New England Patriots head coach Bill Belichick is currently the old guy in the Boston sports scene. He’s the longest tenured coach (next: Claude Julien, Bruins, 2007) or general manager (next: Danny Ainge, Celtics, 2003) in the region and he’s undeniably has had the most success.
It’s fairly typical for the coaches within the same region to interact and it’s definitely common for other coaches to ask Belichick for advice. He’s always happy to give it.
We can see Belichick’s wonderful insight in this great ESPN profile on former Red Sox GM Theo Epstein:
Then [the Red Sox] won the World Series.
Theo called Patriots coach Bill Belichick for advice on how to handle success.
"You're fucked," Belichick told him.
THEY WON TWO titles under Epstein, but by the end of his Boston tenure, the boy who'd fallen in love with the Red Sox had turned into a man who needed to get as far from the team as he could. The Boston sports media machine has written thousands of words about why this rise and fall happened, but the simplest explanation lies in Belichick's warning to Theo. The football coach laid out the conflict between winning and human weakness. Everyone would start wanting credit and feel like the underappreciated key to the entire machine. Theo saw this come true almost immediately.
A cold war broke out between the baseball ops bunker and the second floor, the conflict cutting through every part of the organization. Epstein felt that some of his bosses were obsessed with optics and credit, more worried about personally winning a news cycle than helping create the culture that had developed in Theo's world. "It's rare you can find true togetherness, selflessness, connectedness," Epstein says. "We had that in baseball ops. It was in opposition to what I saw going on in the rest of the company."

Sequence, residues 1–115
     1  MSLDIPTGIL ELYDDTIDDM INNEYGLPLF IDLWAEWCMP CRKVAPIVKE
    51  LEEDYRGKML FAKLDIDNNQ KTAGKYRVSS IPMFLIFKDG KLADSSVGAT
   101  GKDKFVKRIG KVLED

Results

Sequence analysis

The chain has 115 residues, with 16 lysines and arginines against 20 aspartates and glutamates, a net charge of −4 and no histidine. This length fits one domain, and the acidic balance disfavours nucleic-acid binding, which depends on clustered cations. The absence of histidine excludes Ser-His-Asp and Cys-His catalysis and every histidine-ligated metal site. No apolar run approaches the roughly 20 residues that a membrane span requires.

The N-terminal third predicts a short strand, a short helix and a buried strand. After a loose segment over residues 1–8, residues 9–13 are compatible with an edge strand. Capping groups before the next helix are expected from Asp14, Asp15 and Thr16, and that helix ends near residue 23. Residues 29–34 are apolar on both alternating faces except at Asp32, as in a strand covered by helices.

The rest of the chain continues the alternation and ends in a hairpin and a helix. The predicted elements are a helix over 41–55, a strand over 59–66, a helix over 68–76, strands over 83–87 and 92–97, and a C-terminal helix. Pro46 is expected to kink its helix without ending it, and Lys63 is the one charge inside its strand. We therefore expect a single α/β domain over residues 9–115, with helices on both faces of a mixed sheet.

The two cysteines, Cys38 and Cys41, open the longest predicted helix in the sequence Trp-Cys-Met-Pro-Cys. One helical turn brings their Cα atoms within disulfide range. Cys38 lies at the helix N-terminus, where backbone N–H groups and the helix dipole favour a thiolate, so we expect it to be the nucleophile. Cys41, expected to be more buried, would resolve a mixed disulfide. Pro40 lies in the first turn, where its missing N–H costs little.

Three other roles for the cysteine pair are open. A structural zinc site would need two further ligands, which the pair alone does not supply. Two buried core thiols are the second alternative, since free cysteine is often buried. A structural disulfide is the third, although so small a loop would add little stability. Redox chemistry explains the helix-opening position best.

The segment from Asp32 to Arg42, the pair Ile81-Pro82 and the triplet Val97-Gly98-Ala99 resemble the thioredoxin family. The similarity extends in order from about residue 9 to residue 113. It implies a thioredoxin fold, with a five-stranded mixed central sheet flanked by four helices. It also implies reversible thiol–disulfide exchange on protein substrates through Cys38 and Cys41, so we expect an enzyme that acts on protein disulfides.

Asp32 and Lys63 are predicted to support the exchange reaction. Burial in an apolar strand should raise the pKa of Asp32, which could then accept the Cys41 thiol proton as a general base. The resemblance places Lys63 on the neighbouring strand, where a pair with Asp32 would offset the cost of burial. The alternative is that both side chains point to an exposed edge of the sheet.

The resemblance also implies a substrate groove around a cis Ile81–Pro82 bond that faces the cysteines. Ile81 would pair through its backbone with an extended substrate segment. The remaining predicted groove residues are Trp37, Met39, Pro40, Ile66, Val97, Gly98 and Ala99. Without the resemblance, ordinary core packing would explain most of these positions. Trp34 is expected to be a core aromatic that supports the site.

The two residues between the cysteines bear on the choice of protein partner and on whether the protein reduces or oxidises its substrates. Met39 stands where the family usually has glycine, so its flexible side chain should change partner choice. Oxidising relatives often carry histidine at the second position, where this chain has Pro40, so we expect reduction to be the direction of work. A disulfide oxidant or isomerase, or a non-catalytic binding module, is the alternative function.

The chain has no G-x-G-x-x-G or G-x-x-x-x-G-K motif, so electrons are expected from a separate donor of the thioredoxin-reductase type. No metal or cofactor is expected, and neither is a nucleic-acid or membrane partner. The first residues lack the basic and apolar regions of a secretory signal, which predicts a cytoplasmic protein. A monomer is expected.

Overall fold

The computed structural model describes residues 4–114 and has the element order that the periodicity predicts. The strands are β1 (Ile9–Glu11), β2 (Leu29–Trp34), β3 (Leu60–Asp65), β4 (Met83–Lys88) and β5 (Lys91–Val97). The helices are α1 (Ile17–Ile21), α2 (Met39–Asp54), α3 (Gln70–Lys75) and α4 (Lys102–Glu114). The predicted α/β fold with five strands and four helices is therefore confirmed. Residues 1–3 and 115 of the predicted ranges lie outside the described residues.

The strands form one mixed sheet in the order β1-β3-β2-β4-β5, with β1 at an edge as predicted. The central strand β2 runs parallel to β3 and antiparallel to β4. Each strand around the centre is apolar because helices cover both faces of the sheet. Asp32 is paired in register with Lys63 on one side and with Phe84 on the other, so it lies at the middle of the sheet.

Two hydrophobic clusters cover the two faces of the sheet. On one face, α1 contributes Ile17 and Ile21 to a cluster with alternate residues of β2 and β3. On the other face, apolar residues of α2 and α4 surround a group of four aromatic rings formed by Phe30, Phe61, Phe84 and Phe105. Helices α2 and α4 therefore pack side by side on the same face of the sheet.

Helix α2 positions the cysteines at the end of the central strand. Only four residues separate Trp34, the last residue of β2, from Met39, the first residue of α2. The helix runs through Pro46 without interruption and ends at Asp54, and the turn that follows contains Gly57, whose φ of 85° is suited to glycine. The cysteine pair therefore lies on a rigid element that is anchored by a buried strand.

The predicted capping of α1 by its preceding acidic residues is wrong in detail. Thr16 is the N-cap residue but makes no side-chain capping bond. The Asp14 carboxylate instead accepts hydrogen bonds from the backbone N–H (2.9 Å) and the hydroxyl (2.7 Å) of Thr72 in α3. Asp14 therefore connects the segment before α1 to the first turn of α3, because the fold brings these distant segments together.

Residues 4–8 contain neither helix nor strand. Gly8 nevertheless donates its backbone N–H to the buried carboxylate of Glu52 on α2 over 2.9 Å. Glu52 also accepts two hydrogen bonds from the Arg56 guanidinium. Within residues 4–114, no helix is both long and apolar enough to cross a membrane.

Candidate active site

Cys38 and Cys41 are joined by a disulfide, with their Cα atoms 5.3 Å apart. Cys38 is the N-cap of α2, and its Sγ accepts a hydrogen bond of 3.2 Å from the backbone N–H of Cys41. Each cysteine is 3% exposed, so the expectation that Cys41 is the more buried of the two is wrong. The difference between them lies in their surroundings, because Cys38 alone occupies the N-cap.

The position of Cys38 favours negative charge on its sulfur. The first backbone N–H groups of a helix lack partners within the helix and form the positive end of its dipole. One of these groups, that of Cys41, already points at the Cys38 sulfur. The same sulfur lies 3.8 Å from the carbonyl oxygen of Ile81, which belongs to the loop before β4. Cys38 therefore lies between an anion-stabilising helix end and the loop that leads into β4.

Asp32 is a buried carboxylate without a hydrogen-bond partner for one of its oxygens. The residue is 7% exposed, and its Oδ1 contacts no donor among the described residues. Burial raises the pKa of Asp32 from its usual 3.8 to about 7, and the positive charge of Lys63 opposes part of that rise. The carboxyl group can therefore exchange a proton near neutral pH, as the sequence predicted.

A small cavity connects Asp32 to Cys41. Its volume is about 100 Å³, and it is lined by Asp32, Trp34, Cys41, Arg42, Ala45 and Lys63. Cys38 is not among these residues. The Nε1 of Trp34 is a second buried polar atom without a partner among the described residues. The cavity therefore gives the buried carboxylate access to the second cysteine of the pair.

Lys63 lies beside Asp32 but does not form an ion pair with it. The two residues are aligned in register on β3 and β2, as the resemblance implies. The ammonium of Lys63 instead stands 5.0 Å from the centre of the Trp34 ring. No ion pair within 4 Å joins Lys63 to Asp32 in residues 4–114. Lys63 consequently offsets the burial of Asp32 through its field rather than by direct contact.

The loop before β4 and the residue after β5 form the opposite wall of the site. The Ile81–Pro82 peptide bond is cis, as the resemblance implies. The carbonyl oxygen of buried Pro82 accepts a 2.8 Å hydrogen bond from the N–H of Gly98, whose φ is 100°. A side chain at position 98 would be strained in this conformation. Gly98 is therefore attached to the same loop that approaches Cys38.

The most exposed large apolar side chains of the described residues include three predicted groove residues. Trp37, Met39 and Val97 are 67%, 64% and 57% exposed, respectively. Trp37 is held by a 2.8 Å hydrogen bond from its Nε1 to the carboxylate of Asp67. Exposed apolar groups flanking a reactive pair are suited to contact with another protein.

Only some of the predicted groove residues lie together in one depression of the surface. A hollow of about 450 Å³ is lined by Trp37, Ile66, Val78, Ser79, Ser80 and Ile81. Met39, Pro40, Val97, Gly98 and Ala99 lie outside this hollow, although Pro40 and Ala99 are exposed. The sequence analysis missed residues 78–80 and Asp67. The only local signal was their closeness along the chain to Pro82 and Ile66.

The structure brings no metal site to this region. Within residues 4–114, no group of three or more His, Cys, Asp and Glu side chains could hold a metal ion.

Other than Belichick straight up saying, “lol you’re f—ked,” can you see the parallels between what happened with the Red Sox and what didn’t and hasn’t happened with the Patriots?
Winning brings the biggest factor that can lead to a downfall: credit.
Belichick’s teams have prided themselves on putting the team first, so credit is never a problem. When players start saying they deserve more credit- usually in the form of more money for contracts- they are shipped away or put in their place. No one is more important than the team and the Patriots continue to win to prove their point.
And then there is the meddlesome interactions with non-team builders, as Epstein says he signed some of the worst contracts in baseball history because the owners intervened and said the team needed more star power for the sake of television ratings. You’ll never see Robert Kraft strong-arming Belichick into signing any specific player.
There has been friction, of course, and I think friction is a good thing because smart leaders take it as a time for self-reflection to see if they can do anything differently. There’s been Logan Mankins and Vince Wilfork. There was Brian Daboll leaving after he was passed over in favor of Josh McDaniels for the offensive coordinator job.